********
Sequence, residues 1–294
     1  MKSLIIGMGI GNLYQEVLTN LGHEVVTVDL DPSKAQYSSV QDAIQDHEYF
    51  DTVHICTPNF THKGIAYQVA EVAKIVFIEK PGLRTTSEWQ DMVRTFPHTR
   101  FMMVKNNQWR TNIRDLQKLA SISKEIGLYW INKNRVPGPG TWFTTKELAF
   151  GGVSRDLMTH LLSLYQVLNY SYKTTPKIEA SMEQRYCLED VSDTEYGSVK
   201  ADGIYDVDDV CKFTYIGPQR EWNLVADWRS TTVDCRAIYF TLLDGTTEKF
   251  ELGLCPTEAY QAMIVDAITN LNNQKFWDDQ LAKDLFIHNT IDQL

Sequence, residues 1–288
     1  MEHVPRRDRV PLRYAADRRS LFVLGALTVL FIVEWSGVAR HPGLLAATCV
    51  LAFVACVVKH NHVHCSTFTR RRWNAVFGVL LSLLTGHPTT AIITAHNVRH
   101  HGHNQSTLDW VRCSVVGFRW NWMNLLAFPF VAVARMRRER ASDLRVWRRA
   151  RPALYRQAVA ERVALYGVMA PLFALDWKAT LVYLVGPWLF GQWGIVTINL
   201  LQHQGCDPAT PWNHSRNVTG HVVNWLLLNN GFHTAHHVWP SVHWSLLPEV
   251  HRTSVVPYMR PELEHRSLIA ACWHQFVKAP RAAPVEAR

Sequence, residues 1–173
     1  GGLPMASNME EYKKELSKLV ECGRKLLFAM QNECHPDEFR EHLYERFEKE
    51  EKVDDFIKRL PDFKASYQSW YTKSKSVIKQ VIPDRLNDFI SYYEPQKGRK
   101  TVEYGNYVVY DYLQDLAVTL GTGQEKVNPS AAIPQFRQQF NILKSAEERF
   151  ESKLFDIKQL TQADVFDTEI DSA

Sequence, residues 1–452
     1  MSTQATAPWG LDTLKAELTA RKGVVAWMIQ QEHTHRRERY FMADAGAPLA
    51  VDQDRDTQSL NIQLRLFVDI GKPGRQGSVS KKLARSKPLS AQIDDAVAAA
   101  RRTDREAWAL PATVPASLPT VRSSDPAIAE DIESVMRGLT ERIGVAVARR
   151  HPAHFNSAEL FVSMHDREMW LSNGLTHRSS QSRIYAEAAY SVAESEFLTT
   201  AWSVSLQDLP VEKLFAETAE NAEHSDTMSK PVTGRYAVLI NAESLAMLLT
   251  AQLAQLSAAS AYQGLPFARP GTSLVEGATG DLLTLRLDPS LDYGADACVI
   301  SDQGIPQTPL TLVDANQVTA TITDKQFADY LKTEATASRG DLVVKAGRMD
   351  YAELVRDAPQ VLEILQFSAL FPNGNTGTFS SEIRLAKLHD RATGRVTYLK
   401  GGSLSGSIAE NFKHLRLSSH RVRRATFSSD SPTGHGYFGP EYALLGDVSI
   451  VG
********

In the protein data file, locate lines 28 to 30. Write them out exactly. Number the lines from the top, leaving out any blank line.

   351  YAELVRDAPQ VLEILQFSAL FPNGNTGTFS SEIRLAKLHD RATGRVTYLK
   401  GGSLSGSIAE NFKHLRLSSH RVRRATFSSD SPTGHGYFGP EYALLGDVSI
   451  VG